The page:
An indictment is the charging document for a felony offense. In most cases, the defendant is first charged with a crime in Kentucky via citation. For example, if a person is stopped for a traffic violation and the officer discovers an illegal narcotic, they will be given a citation for Possession of Controlled Substance. They may or may not be arrested in connection with the charge. If arrested, they may post bond and be given a court date or they may appear in Court from the jail at the next available date. If given the citation only, a court date will be provided on the citation.
It is wise to retain an attorney as soon as possible in the process. Your attorney can protect your rights and may uncover errors in the arrest and may be able to negotiate a more positive resolution early in the process.
After the person appears in District Court on a felony, they will then have a Preliminary Hearing. This is often referred to as a “probable cause” hearing because the Commonwealth only has to prove that there was probable cause to believe that the Defendant committed a felony. The standard of proof is very low for the court to make a probable cause finding, then the case is referred to the Grand Jury for further consideration.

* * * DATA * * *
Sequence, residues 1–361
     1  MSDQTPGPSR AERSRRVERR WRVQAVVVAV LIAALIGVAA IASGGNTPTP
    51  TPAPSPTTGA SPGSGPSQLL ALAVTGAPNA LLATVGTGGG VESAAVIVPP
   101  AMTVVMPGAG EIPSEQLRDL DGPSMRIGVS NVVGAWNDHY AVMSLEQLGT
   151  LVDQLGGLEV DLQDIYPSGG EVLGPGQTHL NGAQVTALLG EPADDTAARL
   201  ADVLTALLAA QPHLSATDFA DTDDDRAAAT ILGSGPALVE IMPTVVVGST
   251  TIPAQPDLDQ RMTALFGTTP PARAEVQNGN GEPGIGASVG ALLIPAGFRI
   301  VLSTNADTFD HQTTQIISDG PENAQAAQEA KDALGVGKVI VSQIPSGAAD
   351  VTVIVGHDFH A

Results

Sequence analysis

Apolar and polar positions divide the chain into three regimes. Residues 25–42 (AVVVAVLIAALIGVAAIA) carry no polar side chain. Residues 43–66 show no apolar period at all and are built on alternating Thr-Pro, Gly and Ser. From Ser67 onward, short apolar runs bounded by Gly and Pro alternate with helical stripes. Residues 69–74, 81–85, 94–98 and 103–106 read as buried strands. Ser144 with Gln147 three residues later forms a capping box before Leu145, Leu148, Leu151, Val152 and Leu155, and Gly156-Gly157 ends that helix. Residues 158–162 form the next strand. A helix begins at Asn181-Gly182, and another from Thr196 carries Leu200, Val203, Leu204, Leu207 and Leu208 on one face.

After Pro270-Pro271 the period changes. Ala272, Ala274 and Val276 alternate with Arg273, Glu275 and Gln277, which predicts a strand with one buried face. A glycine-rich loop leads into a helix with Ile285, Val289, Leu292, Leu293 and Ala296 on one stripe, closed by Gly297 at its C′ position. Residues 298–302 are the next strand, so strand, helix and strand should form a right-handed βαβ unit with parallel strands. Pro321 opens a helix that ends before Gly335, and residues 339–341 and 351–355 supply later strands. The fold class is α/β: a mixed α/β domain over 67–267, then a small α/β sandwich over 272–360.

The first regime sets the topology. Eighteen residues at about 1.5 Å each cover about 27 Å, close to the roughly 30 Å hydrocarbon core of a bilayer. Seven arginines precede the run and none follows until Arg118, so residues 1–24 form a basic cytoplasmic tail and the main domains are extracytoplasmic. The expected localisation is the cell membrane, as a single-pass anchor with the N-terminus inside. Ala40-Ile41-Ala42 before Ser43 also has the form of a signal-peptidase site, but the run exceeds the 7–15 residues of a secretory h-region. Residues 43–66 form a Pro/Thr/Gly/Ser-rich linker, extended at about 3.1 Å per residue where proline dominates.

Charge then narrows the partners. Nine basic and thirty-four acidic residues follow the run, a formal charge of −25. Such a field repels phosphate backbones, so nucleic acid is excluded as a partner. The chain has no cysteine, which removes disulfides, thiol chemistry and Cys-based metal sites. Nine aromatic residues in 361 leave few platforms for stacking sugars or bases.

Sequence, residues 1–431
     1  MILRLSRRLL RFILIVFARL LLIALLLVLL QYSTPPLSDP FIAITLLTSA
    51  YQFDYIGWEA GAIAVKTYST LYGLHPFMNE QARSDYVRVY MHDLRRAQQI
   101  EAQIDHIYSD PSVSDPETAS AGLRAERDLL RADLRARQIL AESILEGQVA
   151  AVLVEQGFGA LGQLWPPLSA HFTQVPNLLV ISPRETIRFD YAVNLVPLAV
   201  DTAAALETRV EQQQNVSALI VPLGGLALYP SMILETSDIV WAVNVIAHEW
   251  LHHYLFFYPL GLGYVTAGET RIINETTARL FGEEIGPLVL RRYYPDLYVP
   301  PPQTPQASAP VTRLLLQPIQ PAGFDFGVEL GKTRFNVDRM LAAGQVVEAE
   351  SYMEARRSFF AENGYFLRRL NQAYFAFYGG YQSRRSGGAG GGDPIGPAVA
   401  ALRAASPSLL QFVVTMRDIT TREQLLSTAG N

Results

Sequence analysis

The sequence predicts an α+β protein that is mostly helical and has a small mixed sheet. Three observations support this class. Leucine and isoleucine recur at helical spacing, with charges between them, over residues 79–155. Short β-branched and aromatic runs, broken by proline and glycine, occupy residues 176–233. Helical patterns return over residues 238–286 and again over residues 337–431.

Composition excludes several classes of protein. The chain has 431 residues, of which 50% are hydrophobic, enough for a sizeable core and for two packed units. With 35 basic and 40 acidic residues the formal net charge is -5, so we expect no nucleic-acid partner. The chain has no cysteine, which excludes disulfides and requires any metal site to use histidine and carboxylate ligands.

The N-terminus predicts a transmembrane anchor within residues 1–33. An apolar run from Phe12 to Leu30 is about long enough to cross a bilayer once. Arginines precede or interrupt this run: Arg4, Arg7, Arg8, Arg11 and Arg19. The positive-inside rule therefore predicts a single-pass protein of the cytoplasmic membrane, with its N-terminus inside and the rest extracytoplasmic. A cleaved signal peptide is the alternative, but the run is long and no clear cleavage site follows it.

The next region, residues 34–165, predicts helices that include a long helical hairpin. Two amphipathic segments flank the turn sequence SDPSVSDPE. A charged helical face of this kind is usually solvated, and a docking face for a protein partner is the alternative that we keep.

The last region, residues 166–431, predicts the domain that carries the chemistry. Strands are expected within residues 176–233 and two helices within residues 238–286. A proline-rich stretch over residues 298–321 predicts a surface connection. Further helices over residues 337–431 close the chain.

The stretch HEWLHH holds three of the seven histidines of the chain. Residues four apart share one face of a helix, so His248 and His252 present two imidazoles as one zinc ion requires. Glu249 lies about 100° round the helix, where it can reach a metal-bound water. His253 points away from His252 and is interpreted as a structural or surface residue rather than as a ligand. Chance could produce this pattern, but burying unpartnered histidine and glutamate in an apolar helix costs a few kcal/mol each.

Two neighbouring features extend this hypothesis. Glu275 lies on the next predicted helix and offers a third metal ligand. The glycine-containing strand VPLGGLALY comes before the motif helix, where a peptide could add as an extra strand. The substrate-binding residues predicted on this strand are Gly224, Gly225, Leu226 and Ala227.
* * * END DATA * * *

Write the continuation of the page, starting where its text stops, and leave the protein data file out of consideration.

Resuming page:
The Grand Jury meets regularly to determine which cases to indict. An Indictment is an official charge of charges against the Defendant. The grand jury may also indict cases that the state has investigated but the Defendant has not yet seen charges; this is known as a direct indictment. The indictment is the formal accusation, based upon available evidence, that a person has committed a serious crime.
An indictment is NOT evidence of a crime and cannot be used against the Defendant. It does mean that a Grand Jury has seen evidence provided by the Commonwealth and believes that there is probable cause to issue the charges. Once indicted, the Defendant will appear in Circuit Court to face the charges.
The Grand Jury is not the JURY which can hear the case. The Commonwealth must prove their case to a Jury beyond a reasonable doubt. At this point, the Defendant is afforded many constitutional rights, including the right to counsel, the right to confront and cross examine witnesses, the right to see all evidence and to provide evidence.
If you are charged with a crime, and especially if you have been indicted on a crime, you need an experienced criminal defense attorney. For consultation and representation in Kentucky, contact Michael Bouldin at [email protected] or call 859-581-6453.